1.1.2 E2, with reference to figure 8, further discloses a flowmeter with a "double wall housing" comprising:

- a veneer (91) affixed to opposing ends of an outer surface of said casing to enclose said outer surface of said casing

[The "double wall housing" of the embodiment shown in figure 8 of E2 has two walls: an outer wall (91) and an inner wall. The inner wall, which is shown in figure 8 as being thicker than the outer wall (91), is affixed to the inlet end and the outlet end of the flow tube in the same way as the casing (103) of present claim 1 is affixed to the flow tube. Figure 8 of E2 further shows that the outer wall (91) of the "double wall housing" is affixed to the opposing ends of the inner wall, thereby enclosing the inner wall of the "double wall housing". It follows that the outer wall of the "double wall housing" of E2 falls under the wording of claim 1 defining a veneer.]

- a gap (92) between said outer surface of said casing and said veener (91) enclosing said outer surface of said casing

[Figure 8 of E2 shows a gap (92) between the inner and outer walls of the "double wall housing". The gap (92) is filled with an acoustical insulating material (see E2, column 19, lines 48 to 51).]

1.1.3 Counter-arguments from the patentee

- For the patentee, the "double wall housing" of the embodiment of E2, shown in figure 8, is a barrel with two end caps. In other words, the "double wall housing" constitutes a casing only, enclosing the flow tube, but no additional veneer is present in the embodiment of figure 8 of E2.

This argument does not convince the board because claim 1 does not specify any details of the casing or the veneer which would disqualify the interpretation given in point 1.1.21.1.2 above. Claim 1 defines the casing only by stating that it is affixed in an unspecified manner to unspecified ends of a flow tube and encloses the flow tube from one end to the other end. In particular, the wording of claim 1 does not exclude that the casing is affixed to the flow tube via intermediate joining pieces or end caps. Figure 1 of the patent, showing various pieces (122, 103L) located at the ends of the flow tube, confirms that the term "the ends of the flow tube" do not mean the precise, physical ends of the flow tube but an extended region located towards the ends of the flow tube.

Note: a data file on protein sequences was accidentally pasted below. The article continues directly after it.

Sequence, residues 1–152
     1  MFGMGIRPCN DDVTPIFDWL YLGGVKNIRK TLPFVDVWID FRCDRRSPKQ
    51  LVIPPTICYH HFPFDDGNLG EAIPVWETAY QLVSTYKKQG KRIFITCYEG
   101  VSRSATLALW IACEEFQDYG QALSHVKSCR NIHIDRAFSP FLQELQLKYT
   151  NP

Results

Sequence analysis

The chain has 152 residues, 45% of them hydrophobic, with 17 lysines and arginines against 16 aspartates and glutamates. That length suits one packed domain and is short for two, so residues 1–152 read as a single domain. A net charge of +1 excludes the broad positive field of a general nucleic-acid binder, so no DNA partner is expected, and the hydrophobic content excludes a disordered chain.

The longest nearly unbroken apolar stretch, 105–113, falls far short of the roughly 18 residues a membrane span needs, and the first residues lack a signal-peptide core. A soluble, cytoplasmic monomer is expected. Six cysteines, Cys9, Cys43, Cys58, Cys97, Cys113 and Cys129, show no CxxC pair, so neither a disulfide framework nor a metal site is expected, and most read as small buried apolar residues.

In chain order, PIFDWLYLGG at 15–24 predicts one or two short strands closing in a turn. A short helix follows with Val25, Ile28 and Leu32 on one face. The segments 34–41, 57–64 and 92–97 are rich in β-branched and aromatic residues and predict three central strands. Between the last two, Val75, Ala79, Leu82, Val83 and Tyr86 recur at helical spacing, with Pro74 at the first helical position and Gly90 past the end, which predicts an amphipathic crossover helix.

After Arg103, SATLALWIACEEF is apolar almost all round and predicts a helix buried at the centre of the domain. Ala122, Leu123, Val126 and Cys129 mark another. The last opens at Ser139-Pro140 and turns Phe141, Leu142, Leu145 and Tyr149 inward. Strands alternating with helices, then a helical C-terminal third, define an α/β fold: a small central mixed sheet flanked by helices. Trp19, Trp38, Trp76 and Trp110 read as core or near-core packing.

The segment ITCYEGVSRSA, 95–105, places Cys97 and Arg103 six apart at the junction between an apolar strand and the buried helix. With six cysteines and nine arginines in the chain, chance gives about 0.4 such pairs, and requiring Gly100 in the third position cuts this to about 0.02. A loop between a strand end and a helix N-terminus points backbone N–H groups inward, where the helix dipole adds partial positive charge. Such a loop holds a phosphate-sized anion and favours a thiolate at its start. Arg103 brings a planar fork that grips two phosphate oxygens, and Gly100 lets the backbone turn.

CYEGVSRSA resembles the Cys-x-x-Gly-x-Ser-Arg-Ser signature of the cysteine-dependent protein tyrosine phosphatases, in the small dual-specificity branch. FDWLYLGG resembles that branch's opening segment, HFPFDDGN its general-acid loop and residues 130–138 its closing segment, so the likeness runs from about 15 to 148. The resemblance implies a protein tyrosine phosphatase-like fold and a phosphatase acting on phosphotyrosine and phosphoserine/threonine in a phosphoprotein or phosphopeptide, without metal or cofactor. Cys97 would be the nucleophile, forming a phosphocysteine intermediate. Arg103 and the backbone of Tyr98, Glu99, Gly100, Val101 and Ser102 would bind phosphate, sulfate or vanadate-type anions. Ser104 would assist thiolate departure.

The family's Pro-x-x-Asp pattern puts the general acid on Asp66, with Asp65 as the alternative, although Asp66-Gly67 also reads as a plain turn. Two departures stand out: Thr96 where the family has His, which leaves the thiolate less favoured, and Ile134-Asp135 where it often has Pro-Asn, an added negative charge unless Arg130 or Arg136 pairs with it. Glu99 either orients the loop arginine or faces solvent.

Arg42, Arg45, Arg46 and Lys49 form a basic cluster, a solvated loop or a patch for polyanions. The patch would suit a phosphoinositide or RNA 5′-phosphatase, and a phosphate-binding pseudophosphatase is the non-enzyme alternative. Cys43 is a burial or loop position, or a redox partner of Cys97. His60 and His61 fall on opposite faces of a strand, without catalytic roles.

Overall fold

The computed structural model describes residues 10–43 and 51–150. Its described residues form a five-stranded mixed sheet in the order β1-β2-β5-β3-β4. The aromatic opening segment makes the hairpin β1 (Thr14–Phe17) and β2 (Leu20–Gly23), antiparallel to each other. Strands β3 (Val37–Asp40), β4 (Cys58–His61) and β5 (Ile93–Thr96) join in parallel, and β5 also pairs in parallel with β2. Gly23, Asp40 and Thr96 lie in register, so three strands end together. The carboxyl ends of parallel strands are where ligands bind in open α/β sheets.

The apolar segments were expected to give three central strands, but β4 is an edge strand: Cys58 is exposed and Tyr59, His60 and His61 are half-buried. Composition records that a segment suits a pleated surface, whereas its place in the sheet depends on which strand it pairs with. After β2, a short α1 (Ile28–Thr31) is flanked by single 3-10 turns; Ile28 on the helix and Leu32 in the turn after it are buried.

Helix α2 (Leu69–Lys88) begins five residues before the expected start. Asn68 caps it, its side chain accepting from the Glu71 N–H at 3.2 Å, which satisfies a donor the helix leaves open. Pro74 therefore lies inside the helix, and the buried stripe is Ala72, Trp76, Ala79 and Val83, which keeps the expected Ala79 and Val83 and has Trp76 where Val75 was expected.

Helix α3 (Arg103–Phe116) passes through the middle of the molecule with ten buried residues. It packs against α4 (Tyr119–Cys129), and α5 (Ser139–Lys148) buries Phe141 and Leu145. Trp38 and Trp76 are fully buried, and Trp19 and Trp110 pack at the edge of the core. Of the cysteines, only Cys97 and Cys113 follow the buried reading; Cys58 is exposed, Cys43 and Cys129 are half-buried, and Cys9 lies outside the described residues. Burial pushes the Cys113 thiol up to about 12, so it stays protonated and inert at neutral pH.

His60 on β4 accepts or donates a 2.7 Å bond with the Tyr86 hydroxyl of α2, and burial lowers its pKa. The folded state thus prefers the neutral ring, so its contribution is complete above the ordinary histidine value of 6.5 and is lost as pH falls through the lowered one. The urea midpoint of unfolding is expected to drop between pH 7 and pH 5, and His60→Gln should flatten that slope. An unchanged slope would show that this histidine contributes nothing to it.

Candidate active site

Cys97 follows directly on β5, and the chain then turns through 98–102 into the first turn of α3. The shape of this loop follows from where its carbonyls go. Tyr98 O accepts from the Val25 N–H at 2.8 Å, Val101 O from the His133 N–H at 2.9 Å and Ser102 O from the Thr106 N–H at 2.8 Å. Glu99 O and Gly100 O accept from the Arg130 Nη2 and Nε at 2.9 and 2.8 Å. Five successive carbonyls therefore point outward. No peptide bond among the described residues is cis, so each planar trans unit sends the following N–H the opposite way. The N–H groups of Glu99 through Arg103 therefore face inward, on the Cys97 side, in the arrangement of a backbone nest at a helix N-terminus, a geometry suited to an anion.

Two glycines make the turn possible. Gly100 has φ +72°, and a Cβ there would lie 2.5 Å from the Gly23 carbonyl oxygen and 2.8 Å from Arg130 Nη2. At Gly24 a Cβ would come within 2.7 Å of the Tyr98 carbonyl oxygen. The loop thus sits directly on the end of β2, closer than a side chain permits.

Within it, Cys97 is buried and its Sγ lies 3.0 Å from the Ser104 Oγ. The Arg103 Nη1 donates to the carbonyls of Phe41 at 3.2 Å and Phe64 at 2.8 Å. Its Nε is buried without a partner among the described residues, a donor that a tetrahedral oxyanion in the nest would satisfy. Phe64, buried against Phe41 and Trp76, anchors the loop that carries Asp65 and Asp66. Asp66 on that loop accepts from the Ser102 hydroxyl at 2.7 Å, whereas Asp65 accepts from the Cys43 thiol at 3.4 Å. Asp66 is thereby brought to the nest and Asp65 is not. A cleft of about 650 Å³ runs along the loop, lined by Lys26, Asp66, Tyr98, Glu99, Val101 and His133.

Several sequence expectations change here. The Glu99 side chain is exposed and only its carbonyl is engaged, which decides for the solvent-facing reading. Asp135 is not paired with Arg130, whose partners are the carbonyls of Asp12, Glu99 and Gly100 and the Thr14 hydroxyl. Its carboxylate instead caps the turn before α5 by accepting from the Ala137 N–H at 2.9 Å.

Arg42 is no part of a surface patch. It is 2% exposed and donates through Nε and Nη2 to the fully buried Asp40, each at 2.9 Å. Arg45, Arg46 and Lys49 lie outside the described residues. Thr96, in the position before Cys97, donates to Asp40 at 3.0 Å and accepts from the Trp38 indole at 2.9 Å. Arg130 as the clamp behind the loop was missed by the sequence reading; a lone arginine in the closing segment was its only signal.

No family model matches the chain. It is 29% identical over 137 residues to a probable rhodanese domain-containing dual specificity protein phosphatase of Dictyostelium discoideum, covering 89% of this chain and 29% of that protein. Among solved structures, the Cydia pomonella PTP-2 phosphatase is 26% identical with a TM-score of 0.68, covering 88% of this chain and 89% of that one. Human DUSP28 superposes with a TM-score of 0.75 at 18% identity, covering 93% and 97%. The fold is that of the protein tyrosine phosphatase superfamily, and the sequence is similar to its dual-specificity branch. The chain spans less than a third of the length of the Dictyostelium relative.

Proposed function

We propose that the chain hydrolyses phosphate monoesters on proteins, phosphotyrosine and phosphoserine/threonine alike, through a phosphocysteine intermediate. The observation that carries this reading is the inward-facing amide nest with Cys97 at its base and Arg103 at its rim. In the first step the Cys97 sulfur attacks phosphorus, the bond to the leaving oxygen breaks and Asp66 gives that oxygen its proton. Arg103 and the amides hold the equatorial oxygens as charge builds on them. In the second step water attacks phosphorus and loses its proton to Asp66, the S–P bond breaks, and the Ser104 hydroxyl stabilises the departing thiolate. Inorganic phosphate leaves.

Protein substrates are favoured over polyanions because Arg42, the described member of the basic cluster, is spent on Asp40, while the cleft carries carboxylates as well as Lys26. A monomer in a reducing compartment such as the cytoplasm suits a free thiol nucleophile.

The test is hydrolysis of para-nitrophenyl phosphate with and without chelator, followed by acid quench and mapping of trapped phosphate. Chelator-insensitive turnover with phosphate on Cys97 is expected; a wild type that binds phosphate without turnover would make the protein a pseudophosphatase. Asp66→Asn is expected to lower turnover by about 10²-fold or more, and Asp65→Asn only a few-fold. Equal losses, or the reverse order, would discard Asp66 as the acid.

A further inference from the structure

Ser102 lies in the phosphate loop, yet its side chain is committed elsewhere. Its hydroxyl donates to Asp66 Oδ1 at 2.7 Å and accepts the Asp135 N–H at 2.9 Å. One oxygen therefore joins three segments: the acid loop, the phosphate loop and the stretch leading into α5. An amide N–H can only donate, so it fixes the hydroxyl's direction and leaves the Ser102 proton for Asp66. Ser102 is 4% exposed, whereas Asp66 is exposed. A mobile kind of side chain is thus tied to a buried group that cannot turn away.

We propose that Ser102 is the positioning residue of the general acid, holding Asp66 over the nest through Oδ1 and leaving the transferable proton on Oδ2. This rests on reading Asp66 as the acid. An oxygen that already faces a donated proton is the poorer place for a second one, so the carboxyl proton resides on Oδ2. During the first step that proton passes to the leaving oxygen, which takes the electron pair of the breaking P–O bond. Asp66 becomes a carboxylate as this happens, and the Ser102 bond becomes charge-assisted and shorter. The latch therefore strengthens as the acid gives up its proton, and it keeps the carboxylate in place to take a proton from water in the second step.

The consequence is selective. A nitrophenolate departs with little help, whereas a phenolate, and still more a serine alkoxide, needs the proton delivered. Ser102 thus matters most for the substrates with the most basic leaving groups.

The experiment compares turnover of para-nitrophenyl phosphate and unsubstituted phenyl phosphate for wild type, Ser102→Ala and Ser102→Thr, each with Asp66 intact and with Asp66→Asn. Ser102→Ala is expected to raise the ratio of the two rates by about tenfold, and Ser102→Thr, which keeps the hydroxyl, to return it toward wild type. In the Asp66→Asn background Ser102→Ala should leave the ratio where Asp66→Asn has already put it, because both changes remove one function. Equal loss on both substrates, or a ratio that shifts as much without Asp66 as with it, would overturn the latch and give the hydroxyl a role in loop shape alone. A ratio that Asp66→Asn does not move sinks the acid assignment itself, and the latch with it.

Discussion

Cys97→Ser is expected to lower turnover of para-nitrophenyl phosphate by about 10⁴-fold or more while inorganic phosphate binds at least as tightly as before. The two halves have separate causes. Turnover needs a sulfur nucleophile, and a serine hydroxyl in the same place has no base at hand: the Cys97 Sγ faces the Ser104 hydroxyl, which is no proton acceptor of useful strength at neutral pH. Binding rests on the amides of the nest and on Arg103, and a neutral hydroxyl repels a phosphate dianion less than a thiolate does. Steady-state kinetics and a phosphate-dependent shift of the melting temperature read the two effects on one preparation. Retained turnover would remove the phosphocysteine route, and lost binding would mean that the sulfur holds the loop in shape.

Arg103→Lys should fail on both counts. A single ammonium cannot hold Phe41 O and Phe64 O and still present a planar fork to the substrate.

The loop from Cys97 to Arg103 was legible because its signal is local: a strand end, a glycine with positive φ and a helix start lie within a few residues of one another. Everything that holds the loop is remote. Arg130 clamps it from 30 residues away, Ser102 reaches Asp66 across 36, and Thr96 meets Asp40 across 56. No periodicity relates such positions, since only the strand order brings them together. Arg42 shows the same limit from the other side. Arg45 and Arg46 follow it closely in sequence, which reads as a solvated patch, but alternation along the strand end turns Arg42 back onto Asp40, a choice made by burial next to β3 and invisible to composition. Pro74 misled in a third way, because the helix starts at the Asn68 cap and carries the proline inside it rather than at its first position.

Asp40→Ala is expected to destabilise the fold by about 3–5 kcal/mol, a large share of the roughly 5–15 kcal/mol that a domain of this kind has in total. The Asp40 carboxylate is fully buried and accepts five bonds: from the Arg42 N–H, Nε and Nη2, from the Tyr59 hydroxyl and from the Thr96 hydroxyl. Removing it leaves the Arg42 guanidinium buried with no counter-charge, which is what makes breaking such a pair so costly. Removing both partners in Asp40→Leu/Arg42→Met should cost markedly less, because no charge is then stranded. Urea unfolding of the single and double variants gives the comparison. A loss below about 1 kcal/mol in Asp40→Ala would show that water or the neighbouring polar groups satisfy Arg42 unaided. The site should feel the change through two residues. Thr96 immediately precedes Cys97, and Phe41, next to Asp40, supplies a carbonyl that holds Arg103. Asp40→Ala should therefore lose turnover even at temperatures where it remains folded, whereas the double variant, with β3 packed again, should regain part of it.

The veneer is defined in the same broad manner as the casing and, therefore, the above explanations also apply to the veneer affixed to the casing.

- The patentee further argued that even if the "double wall housing" of the embodiment of E2, shown in figure 8, is considered as comprising an inner wall representing a casing and a outer wall representing a veneer, it would not anticipate the veneer as defined in present claim 1. Indeed, claim 1 defines "a veneer affixed to opposing ends of an outer surface of said casing to enclose said outer surface of said casing". This means that the veneer encloses the entire or complete outer surface of the casing, contrary to E2 where the outer wall does not enclose the entire inner wall but only a part of it. In order to support its contention, the patentee referred to [0011], column 3, lines 11 to 13, and to [0013], column 3, lines 34 to 37, of the patent specification.

The board is not convinced by this argument either because, as a matter of fact, neither the description, nor claim 1 explicitly define that the entire or complete outer surface of the casing is enclosed by the veneer. Since claim 1 does not define details about what the casing, the veneer and the respective ends thereof are, these terms must be interpreted in their broadest meaning (see point 1.1.21.1.2 above). In figure 1 of the patent, the veneer does not cover the entire outer surface of the casing since the end caps 103L and 103R cover a portion of the outer surface of the casing.